But it does not describe thebehavior of all observable outcomes, especially the way that light — and, ingeneral, electromagnetism — works. Depending on how you measure it, light candisplay the properties of particles or waves. Particles are like billiardballs. They are separate objects with specific locations in space, and they arehard in the sense that if hurled at each other with great force, they tend toannihilate each other accompanied by dazzling displays of energy. In contrast,waves are like undulations in water. They are not localized but spread out, andthey are soft in that they can interact without destroying each other. Thewave-like characteristic also gives rise to the idea of quantum superposition,which means the object is in a mixture of all possible states. Thisindeterminate, mixed condition is radically different than the objects we arefamiliar with. Everyday objects exist only in definite states. Mixed states caninclude many objects, all coexisting, or entangled, together.
Howis it possible for the fabric of reality to be both waves and particles at thesame time? In the first few decades of the twentieth century, a new theory,Quantum Mechanics, was developed to account for the wave-particle nature oflight and matter. This theory was not just applicable to describing elementaryparticles in exotic conditions, but provided a better way of describing thenature of physical reality itself.
Einstein’s Theory of Relativityalso altered the Newtonian view of the fabric of reality, by showing how basicconcepts like mass, energy, space, and time are related. Relativity is not justapplicable to cosmological domains or to objects at close to light-speeds, butrefers to the basic structure of the fabric of reality. In sum, modern physicstells us that the world of common sense reveals only a special, limited portionof a much larger and stranger fabric of reality.
Electronscan behave as both particles and waves. As waves, electrons have no preciselocation but exist as “probability fields.” As particles, the probability fieldcollapses into a solid object in a particular place and time. Unmeasured or unobservedelectrons behave in a different manner from measured ones. When they are notmeasured, electrons are waves. When they are observed, they become particles.The world is ultimately constructed out of elementary particles that behave inthis curious way.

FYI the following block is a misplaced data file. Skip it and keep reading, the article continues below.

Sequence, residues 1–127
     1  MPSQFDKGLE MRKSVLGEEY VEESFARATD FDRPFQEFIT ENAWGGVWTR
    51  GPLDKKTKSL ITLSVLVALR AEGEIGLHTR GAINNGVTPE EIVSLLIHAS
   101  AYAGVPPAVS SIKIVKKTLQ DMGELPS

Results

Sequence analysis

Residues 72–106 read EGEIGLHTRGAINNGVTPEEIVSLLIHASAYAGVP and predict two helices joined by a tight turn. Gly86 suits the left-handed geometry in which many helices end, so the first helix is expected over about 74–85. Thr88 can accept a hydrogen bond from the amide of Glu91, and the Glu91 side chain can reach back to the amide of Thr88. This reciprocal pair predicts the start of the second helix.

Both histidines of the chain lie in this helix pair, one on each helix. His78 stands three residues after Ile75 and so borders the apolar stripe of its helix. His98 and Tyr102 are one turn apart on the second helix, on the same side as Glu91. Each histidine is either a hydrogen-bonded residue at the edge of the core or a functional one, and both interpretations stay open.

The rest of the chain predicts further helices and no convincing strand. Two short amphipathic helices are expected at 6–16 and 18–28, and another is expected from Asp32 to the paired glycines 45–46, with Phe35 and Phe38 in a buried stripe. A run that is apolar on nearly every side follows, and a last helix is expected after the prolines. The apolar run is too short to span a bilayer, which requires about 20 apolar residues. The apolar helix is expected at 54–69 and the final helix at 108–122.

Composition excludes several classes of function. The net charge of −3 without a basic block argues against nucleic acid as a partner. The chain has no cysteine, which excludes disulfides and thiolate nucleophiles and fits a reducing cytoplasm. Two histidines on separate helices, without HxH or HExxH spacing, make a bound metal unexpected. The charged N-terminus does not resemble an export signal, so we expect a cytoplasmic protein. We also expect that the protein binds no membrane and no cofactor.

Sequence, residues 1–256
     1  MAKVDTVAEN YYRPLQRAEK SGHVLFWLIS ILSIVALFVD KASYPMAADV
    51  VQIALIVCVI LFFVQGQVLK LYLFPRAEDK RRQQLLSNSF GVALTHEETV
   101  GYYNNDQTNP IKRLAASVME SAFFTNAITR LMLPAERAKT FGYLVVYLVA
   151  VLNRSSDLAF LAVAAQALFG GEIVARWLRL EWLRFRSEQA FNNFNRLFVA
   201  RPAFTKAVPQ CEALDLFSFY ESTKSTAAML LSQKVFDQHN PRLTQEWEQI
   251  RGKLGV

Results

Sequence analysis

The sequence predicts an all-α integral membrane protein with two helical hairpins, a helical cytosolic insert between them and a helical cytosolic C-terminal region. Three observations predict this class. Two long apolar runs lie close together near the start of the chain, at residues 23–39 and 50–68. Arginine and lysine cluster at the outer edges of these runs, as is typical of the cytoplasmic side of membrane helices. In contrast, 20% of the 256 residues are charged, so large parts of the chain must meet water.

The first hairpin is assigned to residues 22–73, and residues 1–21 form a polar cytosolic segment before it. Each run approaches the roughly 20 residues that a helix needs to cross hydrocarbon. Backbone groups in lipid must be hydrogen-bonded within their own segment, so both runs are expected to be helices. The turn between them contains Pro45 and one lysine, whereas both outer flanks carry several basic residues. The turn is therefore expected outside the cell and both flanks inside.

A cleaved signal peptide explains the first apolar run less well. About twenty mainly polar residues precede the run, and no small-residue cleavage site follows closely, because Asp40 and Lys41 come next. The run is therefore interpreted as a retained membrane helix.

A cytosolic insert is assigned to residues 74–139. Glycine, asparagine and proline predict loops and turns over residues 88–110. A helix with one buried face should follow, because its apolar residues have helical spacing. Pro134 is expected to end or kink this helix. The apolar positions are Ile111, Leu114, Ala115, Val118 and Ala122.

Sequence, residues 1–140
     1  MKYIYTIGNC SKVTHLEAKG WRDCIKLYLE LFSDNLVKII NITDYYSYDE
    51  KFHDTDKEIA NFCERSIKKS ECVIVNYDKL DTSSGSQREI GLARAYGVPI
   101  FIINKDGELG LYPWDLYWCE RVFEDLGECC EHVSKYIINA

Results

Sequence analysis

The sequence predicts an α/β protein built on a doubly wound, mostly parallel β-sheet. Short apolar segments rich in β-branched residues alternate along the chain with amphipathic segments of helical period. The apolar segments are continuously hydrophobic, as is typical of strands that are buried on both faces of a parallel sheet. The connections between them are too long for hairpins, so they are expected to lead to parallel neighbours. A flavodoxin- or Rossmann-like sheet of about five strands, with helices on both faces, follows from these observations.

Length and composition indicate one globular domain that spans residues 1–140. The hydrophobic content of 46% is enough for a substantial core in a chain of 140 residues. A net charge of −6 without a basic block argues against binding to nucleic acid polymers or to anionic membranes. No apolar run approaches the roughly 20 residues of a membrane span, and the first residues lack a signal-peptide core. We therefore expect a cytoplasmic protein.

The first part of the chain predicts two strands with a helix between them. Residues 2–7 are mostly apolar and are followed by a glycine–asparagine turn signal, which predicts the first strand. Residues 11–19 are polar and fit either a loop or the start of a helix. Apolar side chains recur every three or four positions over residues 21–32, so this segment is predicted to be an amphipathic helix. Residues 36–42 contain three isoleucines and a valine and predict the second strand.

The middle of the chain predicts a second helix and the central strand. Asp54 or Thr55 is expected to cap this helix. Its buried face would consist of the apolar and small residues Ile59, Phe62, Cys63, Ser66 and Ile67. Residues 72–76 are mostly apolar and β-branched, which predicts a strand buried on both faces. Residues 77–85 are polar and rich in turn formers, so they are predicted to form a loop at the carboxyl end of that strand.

In classical physics, all of anobject’s attributes are in principle accessible to measurement. Not so inquantum physics. You can measure a single electron’s properties accurately, butnot without producing imprecision in some other quantum attribute.
Quantum properties always comein “conjugate” pairs. When two properties have this special relationship, it isimpossible to know about both of them at the same time with complete precision.Heisenberg’s Uncertainty (also know as the Indeterminacy) Principle says thatif you measure a particle’s position accurately, you must sacrifice an accurateknowledge of its momentum, and vice versa. A relationship of the Heisenbergkind holds for all dynamic properties of elementary particles and it guaranteesthat any experiment (involving the microscopic world) will contain someunknowns.
What does the phrase “we know”mean? It means that theoretical predictions were made, based on mathematicalmodels, and then repeatedly demonstrated in experiments. If the universebehaves according to the theories, then we are justified in believing thatcommon sense is indeed a special, limited perspective of a much granderuniverse.